26 Jun The Differences between Dental Crowns and Porcelain Veneers
Dental crowns and porcelain veneers are used by dental surgeons to restore an appropriate shape and size to teeth that may be malformed or damaged.
Both these products can create the same cosmetic end-result but they are quite different and have different applications.
The differences between veneers versus crowns will be explained in more detail.
Veneers versus Crowns
The main differences between porcelain veneers and dental crowns are:
- Veneers only cover the front surface of a tooth whereas crowns will encase the entire tooth. Therefore, only the front of the tooth is reduced when applying veneers and the entire tooth is trimmed in the case of crowns. In some veneering techniques, no tooth reduction may be performed at all.
- A veneer is much thinner than a crown – a veneer typically measures 1 millimeter in thickness or less and a crown usually has a thickness of 2 millimeters or more.
Other differences include:
- Less of the tooth is trimmed when applying a veneer – three up to 30 percent of a tooth may need to be trimmed for a veneer, whereas preparing for a crown may involve trimming the tooth by 63 to 76 percent.
- There is less trauma to the tooth when preparing it for a veneer as opposed to a crown.
- The financial cost to the patient – veneers are not covered by health insurance and they can cost an average of over $900 to $2500 per tooth. Dental crowns may be partly covered by medical insurers since the indication for their placement may be more medical than cosmetic and can cost between $500 to $2000 per tooth excluding the costs for tooth reduction and root canals.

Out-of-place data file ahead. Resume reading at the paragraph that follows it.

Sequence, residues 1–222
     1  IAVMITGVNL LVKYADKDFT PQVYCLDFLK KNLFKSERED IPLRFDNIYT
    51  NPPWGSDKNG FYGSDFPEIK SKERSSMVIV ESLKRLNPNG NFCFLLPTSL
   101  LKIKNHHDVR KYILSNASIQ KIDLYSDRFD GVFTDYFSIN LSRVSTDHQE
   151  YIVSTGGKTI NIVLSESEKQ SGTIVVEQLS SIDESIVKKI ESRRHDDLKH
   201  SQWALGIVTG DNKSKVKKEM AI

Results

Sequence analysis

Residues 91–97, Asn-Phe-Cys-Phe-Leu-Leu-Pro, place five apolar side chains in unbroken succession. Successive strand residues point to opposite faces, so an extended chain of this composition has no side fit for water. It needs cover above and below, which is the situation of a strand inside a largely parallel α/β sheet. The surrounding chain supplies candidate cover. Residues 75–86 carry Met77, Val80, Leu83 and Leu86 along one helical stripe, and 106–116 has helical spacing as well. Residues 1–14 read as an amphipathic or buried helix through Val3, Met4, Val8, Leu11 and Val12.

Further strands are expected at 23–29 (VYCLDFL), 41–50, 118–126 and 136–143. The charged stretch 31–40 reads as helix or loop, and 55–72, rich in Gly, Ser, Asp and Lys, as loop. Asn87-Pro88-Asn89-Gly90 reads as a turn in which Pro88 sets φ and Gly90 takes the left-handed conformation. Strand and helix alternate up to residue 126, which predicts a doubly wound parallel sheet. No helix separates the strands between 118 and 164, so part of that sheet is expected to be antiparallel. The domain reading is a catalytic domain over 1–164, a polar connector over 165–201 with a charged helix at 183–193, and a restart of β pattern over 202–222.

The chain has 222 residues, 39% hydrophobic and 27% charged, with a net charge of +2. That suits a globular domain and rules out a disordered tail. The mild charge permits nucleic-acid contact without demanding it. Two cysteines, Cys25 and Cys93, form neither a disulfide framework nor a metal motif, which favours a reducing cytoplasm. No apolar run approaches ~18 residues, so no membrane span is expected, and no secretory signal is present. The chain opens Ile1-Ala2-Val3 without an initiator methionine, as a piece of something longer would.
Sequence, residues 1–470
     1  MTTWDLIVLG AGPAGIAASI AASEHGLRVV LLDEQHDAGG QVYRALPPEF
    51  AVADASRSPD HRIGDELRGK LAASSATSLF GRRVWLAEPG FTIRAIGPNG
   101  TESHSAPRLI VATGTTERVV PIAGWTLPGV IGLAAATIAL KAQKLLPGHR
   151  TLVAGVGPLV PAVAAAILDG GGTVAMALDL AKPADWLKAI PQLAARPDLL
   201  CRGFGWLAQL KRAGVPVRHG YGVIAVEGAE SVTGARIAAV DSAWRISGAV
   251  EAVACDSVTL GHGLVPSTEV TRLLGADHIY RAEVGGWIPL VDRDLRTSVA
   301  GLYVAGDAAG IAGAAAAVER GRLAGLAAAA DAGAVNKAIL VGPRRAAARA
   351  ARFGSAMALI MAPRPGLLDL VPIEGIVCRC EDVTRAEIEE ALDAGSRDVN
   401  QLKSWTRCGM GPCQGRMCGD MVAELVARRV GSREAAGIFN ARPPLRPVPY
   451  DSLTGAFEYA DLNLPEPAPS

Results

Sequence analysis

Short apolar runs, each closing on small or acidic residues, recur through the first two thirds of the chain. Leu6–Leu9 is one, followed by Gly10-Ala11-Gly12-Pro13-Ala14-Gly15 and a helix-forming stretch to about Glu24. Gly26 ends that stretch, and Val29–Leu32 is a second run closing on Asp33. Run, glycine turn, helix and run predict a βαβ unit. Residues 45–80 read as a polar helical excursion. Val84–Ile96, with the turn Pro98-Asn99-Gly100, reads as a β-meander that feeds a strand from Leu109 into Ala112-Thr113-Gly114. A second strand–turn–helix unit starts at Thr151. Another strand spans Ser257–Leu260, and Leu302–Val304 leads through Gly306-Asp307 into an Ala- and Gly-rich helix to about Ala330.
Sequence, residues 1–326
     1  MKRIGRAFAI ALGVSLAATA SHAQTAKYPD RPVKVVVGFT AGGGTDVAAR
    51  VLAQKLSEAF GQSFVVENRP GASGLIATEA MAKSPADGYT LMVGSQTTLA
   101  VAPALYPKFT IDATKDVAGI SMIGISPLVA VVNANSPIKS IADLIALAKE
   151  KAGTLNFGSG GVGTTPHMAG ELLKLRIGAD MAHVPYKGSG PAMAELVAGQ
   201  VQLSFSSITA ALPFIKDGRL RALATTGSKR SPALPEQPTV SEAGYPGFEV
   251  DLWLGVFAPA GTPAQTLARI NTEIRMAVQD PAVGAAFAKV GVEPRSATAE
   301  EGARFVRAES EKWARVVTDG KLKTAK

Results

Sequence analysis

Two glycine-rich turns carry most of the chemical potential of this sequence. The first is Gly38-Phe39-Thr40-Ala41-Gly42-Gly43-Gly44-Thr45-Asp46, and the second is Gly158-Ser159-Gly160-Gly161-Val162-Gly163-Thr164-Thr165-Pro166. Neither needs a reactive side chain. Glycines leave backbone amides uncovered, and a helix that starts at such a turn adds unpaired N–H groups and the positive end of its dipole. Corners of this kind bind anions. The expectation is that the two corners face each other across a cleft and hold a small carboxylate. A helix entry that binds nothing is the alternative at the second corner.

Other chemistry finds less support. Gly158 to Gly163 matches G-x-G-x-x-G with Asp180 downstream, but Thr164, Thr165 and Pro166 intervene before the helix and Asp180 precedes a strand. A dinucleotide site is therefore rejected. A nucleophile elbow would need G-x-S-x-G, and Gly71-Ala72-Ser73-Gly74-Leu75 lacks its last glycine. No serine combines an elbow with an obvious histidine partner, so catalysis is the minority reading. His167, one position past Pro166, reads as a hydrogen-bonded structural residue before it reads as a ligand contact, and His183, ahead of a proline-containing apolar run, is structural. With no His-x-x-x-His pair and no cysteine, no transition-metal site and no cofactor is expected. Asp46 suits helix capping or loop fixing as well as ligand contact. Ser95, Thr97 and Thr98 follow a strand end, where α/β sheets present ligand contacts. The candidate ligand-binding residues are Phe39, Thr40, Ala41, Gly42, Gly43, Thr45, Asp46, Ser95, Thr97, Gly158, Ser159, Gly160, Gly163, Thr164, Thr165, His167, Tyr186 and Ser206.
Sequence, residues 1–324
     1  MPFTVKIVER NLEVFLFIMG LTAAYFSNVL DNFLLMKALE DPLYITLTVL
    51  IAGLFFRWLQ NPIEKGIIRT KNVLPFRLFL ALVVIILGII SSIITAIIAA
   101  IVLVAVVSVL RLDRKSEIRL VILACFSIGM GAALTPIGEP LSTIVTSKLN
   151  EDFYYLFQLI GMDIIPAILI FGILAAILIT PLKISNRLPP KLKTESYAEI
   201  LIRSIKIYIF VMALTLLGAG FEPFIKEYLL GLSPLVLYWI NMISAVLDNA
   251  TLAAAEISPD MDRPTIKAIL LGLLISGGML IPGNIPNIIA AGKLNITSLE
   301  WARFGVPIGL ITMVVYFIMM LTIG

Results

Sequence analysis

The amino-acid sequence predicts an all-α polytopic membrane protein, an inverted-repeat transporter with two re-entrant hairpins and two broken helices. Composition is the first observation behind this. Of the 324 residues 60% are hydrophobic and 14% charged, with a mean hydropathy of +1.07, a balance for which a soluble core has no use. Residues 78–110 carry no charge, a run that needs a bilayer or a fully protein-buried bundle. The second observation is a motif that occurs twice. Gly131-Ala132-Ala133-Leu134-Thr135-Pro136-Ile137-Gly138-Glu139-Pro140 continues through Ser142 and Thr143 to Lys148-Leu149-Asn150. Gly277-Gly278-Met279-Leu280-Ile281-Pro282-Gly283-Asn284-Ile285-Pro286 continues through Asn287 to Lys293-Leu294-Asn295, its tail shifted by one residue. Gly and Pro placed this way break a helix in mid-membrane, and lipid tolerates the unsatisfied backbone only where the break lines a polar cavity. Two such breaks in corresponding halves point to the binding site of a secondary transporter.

- Veneers can last anywhere from 10 to 15 years and crowns for up to between 25 to 30 years.
Indications for Veneers and Crowns
Veneers and crowns have their own set of characteristics and this makes one or the other more favorable for certain applications.
The following are factors that dental surgeons take into consideration when deciding on which product will be used for which patient:
- Used to create minor shape changes for a tooth.
- Production of a minor color change for a tooth for a more natural look.
- Used in generally healthy teeth where the underlying structure is intact.
- Used in situations where minimal stress is applied to the product since it is brittle.
- Used for the production of a major color change for a tooth.
- Production of a significant shape change for a tooth.
- These are often used to rebuild and strengthen teeth that have been extensively damaged, decayed, or broken.
- These are chosen for their durability and strength and can handle a considerable amount of force applied to them. Such forces include those exerted by heavy chewing and biting, as well as tooth grinding and clenching.
- Porcelain veneers, therefore, are used more for aesthetic and cosmetic changes to the teeth whereas dental crowns are used to rebuild and strengthen teeth that have been damaged.
Patients with any tooth-related issues, whether they are cosmetic in nature or due to injury or damage, should discuss the best option with their dental surgeon so that they receive the appropriate management for their problem.